BEIRUT: After nine years without parliamentary elections, Lebanese between the ages of 21 and 29 will have a chance to exercise their right to vote for the first time on May 6. Some political groups, particularly those forged from civil society, are banking on their participation, but a recent study suggests the youth may elect the same leaders their parents and grandparents have long kept in power.
A survey conducted by Statistics Lebanon on behalf of the Konrad Adenauer Foundation attempted to explore expectations, aspirations and profiles of first-time voters.
“We found that sectarianism is still strong, even if people agree that the government is not working,” Khalil Toubia, program manager at the Konrad Adenauer Foundation, told The Daily Star. “Despite all the criticism against the state, support for civil society candidates is still very low.”
The elections are being held under a new electoral law that has changed Lebanon’s system from majoritarian to proportional, raising expectations that the vote will bring fresh faces to Parliament.
However, while the survey found that 76 percent of first-time voters had fully committed to participating in the upcoming parliamentary elections, only 7 percent of the respondents believed that their ballot would make a difference in improving Lebanon’s situation.
According to several NGOs and political parties, estimates of the number of first-time voters who have registered for the 2018 elections hover at around 700,000 – roughly 20 percent of the voting population.
The study gathered the opinions of 1,200 individuals across all governorates, in numbers proportional to the regions’ sizes.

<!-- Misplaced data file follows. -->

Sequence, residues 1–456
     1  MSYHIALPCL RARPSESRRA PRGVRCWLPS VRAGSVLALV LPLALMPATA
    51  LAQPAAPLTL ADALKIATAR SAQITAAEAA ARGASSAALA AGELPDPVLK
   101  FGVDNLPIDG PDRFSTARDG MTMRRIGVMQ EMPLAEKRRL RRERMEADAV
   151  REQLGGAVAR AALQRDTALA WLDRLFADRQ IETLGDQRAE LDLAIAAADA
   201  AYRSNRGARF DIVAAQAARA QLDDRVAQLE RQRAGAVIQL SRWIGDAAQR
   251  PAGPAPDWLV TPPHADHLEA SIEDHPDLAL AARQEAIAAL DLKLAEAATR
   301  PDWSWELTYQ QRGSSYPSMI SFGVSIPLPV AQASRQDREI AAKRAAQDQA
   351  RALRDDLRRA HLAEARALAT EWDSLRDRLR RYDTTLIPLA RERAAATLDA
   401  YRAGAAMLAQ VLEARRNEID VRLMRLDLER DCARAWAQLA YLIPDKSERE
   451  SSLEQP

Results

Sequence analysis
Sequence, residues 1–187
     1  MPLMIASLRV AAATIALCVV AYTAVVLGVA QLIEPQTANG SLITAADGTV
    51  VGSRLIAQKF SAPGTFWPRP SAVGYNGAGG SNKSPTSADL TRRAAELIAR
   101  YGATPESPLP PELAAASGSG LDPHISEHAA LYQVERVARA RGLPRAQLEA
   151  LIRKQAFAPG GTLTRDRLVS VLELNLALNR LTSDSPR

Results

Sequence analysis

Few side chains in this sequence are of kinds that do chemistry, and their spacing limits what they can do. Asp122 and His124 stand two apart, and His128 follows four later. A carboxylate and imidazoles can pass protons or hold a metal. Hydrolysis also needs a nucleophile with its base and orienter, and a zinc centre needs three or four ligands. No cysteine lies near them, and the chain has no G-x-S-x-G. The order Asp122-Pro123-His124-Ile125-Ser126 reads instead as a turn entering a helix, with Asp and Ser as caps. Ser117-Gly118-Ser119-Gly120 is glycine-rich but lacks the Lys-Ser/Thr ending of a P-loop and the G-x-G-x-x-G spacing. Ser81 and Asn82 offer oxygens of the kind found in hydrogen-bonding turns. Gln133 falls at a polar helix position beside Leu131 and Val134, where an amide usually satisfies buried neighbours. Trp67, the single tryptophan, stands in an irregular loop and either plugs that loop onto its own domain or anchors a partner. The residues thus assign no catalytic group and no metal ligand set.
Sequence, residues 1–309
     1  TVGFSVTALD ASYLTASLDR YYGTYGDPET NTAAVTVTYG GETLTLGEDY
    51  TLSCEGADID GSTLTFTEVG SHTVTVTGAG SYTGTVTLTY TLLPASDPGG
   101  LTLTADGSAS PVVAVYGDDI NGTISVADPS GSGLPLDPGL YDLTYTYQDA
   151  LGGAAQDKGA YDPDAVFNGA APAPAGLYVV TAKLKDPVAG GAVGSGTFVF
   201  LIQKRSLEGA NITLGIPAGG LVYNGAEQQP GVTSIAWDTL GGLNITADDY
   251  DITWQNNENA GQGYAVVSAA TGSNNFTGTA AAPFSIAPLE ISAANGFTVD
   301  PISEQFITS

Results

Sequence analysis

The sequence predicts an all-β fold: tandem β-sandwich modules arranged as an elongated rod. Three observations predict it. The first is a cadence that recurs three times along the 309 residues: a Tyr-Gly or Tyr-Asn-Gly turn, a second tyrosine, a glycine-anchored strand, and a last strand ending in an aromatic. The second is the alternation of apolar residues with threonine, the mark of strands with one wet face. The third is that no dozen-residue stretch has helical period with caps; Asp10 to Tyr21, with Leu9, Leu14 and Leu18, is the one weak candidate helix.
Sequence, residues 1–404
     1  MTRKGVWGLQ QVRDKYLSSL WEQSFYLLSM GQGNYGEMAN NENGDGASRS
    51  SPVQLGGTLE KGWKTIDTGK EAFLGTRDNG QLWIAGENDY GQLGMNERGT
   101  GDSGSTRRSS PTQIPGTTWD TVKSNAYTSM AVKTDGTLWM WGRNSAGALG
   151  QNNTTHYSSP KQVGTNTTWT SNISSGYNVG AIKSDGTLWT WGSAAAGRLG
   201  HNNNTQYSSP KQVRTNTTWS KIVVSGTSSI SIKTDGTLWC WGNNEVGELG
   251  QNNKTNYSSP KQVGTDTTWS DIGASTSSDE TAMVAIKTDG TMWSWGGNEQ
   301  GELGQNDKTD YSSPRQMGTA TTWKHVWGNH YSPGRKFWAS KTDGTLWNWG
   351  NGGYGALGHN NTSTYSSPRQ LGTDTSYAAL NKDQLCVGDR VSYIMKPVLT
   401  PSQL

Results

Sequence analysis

While the survey successfully reflects national trends, Toubia said further investigation was needed to draw more accurate conclusions about smaller sectarian communities in the country.
“Even though the Interior Ministry has data on all registered voters, no one has really synthesized it and asked the questions to make this data comprehensible,” Toubia said.
Lebanon’s Interior Ministry retains national registration records and will provide the data set for a price to interested parties, but cases of registration fraud and human error have reduced its accuracy.
“It’s unclear as to how political parties might be understanding and using this [ministry database] for their campaigns,” Toubia said.
Many political parties – particularly Lebanon’s emerging independent groups – are looking to the youth demographic to guarantee their seats in government.
Aziz Antoun, a member of the Kataeb’s central planning bureau, spoke to The Daily Star about the party’s attempt to rebrand itself for these first-time voters.
“This election we’re really trying to focus on the younger crowd. If you notice, this year’s Kataeb campaign is distinct from those in the past. The visuals and the quality of the events are very different from what we have done before.”
Citing corruption and general political failure, Kataeb leader Sami Gemayel in June 2016 announced the resignation from Cabinet of both of the party’s ministers. Since then, the party has repositioned itself as the opposition to Prime Minister Saad Hariri’s government.
Antoun noted that Kataeb has admitted it was time to toss out the failures of the past to make way for new potential change.
“We want new MPs, we want new ideas, we want to be a party that the youth can relate to.”